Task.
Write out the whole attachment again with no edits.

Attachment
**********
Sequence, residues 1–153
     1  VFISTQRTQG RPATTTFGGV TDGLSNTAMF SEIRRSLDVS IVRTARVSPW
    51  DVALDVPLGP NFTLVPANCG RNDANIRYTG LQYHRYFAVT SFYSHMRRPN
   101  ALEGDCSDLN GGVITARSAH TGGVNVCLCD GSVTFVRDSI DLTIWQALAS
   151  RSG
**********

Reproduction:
Sequence, residues 1–153
     1  VFISTQRTQG RPATTTFGGV TDGLSNTAMF SEIRRSLDVS IVRTARVSPW
    51  DVALDVPLGP NFTLVPANCG RNDANIRYTG LQYHRYFAVT SFYSHMRRPN
   101  ALEGDCSDLN GGVITARSAH TGGVNVCLCD GSVTFVRDSI DLTIWQALAS
   151  RSG